Sue Hershey found a really nice pencil, and she sent me a few pictures to ask what I knew about it:
And what she found was that I knew absolutely nothing about it. At the top of the pencil, she’d found a cryptic imprint. Would that help?
"I think I see a doggie." Nope. I got nothin’ here. Nada.
But I did have something that I found to be very helpful: David Nishimura’s email address. Within just a few minutes after I sent out the distress call in the hopes that someone in the peanut gallery would be able to help me save a little face, David emailed me back. "Byers and Hayes, I think," he said.
David was absolutely correct. A search with those terms turned up several pictures of pens with a Byers and Hayes imprint, with a logo on the clip identical to the one found on Martha’s pencil. The formation of Byers and Hayes by John E. Hayes, a former manager at Aikin Lambert, and George T. Byers was announced in The American Stationer on June 10, 1916:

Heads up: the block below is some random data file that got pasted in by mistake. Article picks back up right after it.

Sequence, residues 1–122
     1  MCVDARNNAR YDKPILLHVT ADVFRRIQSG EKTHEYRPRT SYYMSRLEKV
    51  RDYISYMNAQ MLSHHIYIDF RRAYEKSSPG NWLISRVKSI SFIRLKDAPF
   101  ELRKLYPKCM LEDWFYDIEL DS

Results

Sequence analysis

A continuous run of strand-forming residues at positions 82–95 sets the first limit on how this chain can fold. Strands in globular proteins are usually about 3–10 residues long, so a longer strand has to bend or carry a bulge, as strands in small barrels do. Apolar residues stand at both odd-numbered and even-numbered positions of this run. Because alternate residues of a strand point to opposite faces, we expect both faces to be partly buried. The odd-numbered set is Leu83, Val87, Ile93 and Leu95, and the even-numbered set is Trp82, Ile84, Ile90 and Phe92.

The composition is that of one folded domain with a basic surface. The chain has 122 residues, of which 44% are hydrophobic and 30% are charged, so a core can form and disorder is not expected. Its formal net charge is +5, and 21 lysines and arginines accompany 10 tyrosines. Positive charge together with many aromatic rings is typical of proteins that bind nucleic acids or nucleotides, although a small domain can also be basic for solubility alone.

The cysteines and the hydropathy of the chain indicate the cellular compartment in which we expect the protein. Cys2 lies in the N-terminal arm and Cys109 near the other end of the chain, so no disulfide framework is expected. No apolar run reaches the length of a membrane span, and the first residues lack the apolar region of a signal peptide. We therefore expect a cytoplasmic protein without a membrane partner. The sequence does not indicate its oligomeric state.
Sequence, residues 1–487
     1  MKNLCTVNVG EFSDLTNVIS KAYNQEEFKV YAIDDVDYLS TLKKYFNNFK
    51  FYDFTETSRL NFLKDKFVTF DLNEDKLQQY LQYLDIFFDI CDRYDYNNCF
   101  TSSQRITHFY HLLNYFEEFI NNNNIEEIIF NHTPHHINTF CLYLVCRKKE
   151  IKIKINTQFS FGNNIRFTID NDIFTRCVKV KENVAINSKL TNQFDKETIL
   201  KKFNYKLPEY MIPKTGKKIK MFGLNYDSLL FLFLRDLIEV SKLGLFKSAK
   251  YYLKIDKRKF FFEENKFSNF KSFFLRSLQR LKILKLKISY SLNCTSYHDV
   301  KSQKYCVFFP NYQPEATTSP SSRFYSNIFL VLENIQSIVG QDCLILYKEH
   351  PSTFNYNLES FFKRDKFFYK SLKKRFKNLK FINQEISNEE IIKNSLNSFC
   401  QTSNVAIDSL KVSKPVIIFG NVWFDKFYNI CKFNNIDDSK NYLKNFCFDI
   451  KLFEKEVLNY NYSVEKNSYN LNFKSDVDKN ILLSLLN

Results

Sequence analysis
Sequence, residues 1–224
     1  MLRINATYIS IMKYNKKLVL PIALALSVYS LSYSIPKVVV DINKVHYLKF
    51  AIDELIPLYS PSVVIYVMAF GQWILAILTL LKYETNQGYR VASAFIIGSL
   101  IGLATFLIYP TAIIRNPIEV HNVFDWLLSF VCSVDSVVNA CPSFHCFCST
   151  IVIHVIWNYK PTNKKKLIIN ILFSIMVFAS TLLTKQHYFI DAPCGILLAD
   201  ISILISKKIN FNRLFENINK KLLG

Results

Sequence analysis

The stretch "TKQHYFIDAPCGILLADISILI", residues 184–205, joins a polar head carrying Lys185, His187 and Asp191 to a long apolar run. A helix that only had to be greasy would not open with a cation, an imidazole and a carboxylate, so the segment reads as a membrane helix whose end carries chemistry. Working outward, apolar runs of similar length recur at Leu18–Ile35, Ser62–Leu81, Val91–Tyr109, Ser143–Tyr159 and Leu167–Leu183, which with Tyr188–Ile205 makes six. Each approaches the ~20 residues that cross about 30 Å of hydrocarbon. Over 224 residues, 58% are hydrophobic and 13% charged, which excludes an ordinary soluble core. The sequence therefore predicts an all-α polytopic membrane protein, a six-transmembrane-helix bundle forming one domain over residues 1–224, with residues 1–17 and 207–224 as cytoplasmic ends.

The firm was still located at 68 Barclay Street in 1921, as noted in an advertisement the company placed in The American Stationer during July of that year:
According to the "Pencyclopedia" at W-B Pens and Watches and Richard Binder's Pen Glossary, Byers and Hayes was more serious about making pen parts for other manufacturers than they were about making pens and for their own account. You'd never know that from looking at Sue's pencil, since it is a substantial, high quality piece, probably from the mid- to late 1920s. There are suggestions that the company survived into the 1930s -- the Pencyclopedia indicates that the firm was located at 133 Monroe Street, New York in 1931 -- but I wasn't able to pinpoint when the firm ceased operations or was absorbed into another concern.
But there was one other tidbit I kept tripping on while I researched Byers and Hayes that piqued my curiosity: the persistent suggestion from several sources that Byers and Hayes made the "Never Dull" pencil. Tomorrow, I’ll explain why I find that so interesting . . .
Epilogue: Until my encounter with Sue, I had never heard of Byers and Hayes. Just a couple weeks after she sent me these pictures, I was at the Raleigh Pen Show nosing through Richard Vacca’s wares when this little guy jumped out of one case and into my hands:
This example of the Byers and Hayes, unlike Sue’s, uses a standard .046 inch lead and lacks the necked-down nose seen on her example.